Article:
Ethical approval for this research was obtained from the Research Ethics Committee of China Medical University, China. All patients providing tumor tissue as well as normal gastric tissue samples signed a consent form prior to surgical removal of the gastric carcinoma to allow for this research to be undertaken. All of the animal study procedures were in accordance with the National Institutes of Health Guide for the Care and Use of Laboratory Animals and were performed according to the institutional ethical guidelines. These laboratory animals were purchased from Shanghai Branch Center, Institute of Laboratory Animal Science, Chinese Academy of Medical Science (also known as Shanghai CAS, certificate number: SCXK [Hu] 2003-0003). All experimental procedures were conducted in conformity with institutional guidelines for the care and use of laboratory animals, and protocols were approved by the Institutional Animal Care and Use Committee in China Medical University, Shenyang, China. All efforts were made to minimize suffering.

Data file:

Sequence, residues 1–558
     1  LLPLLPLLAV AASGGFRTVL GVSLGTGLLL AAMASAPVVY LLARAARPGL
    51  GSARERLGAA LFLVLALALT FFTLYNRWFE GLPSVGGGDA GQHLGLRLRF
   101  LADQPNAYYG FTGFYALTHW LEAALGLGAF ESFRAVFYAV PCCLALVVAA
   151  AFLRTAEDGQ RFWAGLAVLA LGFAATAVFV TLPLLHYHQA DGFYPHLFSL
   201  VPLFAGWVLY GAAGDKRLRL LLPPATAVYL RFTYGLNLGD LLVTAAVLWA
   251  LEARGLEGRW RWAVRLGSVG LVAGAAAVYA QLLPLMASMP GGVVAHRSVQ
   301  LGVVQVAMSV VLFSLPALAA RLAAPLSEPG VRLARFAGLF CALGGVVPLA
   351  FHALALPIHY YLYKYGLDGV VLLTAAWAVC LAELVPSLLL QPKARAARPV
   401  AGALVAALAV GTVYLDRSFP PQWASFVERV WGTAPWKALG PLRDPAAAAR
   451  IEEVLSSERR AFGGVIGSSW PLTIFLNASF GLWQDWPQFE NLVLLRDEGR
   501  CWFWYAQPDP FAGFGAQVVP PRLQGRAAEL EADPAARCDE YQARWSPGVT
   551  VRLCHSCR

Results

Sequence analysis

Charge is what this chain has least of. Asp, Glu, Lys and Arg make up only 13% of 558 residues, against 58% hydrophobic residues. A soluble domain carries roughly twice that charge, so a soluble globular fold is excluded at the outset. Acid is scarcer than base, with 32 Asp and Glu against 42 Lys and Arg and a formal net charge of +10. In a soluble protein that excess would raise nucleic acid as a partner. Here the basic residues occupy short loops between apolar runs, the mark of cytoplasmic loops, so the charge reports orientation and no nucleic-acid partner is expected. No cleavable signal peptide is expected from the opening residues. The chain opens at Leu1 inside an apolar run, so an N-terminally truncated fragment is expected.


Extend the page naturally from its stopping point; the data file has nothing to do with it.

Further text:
Tissue Samples and Pathology
All patient-derived paraffin embedded Gastric cancer specimens (n = 264) and their matched NNM specimens(2 cm away from the carcinoma n = 209) were collected from surgical resection and archived under protocols approved by the Institutional Review Boards of the First affiliated Hospital China Medical University. Fresh gastric carcinoma and adjacent NNM were collected and frozen in −80°C until protein extraction by homogenization in RIPA lysis buffer. The histologic diagnosis and other microscopic characteristics were confirmed by pathologists and the TNM staging for each gastric carcinoma was evaluated according to the Union International Contre le Cancer (UICC) system for the extent of tumor spread. Histologic architecture of gastric carcinoma was expressed in Lauren’s classification and the World Health Organization (WHO) classification. Furthermore, tumor size, depth of invasion, and lymphatic were determined.